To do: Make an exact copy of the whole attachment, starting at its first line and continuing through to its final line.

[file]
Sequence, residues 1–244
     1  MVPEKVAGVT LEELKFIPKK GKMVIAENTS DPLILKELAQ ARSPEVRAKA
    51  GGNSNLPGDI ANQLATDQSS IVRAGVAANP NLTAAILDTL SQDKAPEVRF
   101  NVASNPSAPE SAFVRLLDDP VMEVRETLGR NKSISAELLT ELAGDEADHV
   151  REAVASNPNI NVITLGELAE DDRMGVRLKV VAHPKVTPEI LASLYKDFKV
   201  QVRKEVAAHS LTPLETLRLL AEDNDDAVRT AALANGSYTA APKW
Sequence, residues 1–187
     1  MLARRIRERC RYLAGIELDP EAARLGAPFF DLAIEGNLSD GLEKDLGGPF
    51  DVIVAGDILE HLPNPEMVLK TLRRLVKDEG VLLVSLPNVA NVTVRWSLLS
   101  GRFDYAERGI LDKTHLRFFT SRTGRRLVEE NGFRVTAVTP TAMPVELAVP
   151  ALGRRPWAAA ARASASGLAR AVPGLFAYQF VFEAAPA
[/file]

Sequence, residues 1–244
     1  MVPEKVAGVT LEELKFIPKK GKMVIAENTS DPLILKELAQ ARSPEVRAKA
    51  GGNSNLPGDI ANQLATDQSS IVRAGVAANP NLTAAILDTL SQDKAPEVRF
   101  NVASNPSAPE SAFVRLLDDP VMEVRETLGR NKSISAELLT ELAGDEADHV
   151  REAVASNPNI NVITLGELAE DDRMGVRLKV VAHPKVTPEI LASLYKDFKV
   201  QVRKEVAAHS LTPLETLRLL AEDNDDAVRT AALANGSYTA APKW
Sequence, residues 1–187
     1  MLARRIRERC RYLAGIELDP EAARLGAPFF DLAIEGNLSD GLEKDLGGPF
    51  DVIVAGDILE HLPNPEMVLK TLRRLVKDEG VLLVSLPNVA NVTVRWSLLS
   101  GRFDYAERGI LDKTHLRFFT SRTGRRLVEE NGFRVTAVTP TAMPVELAVP
   151  ALGRRPWAAA ARASASGLAR AVPGLFAYQF VFEAAPA